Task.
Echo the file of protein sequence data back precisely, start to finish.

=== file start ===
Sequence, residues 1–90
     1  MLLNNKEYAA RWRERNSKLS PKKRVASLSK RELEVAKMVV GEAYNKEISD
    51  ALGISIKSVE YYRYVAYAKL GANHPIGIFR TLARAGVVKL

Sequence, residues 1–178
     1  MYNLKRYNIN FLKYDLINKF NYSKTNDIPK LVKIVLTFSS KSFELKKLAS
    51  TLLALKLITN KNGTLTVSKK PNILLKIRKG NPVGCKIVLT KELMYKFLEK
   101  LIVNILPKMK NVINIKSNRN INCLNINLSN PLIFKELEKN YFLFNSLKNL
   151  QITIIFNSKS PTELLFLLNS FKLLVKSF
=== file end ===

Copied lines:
Sequence, residues 1–90
     1  MLLNNKEYAA RWRERNSKLS PKKRVASLSK RELEVAKMVV GEAYNKEISD
    51  ALGISIKSVE YYRYVAYAKL GANHPIGIFR TLARAGVVKL

Sequence, residues 1–178
     1  MYNLKRYNIN FLKYDLINKF NYSKTNDIPK LVKIVLTFSS KSFELKKLAS
    51  TLLALKLITN KNGTLTVSKK PNILLKIRKG NPVGCKIVLT KELMYKFLEK
   101  LIVNILPKMK NVINIKSNRN INCLNINLSN PLIFKELEKN YFLFNSLKNL
   151  QITIIFNSKS PTELLFLLNS FKLLVKSF